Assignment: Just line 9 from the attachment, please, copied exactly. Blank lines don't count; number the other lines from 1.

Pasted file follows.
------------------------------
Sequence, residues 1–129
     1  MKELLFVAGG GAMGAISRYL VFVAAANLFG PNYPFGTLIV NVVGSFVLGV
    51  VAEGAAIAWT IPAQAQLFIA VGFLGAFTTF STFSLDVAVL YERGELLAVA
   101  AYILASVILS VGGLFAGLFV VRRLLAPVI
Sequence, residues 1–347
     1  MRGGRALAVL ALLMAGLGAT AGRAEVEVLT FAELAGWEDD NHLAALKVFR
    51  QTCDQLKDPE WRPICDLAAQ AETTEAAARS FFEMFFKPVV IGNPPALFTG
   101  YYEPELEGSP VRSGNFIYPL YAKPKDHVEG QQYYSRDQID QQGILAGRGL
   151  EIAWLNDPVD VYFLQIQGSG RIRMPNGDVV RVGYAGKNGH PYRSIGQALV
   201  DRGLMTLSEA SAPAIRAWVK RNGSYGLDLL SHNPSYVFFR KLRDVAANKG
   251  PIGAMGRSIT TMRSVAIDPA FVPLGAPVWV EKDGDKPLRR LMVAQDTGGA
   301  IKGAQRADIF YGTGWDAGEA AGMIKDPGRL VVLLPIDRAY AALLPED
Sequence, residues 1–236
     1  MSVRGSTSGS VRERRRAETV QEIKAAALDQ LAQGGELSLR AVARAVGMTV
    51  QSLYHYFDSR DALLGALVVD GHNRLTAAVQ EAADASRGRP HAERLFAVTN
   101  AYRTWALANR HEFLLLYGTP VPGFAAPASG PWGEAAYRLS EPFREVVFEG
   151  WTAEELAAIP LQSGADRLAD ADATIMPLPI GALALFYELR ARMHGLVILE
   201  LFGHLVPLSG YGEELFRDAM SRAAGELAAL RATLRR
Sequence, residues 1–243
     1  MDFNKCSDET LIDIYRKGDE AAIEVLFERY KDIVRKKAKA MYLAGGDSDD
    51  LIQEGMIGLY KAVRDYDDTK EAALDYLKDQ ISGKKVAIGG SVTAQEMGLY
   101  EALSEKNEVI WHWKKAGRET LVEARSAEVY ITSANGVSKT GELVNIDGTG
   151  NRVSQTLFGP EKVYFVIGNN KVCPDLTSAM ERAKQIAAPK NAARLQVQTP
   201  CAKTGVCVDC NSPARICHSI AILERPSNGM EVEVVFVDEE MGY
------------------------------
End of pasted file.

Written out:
   151  EIAWLNDPVD VYFLQIQGSG RIRMPNGDVV RVGYAGKNGH PYRSIGQALV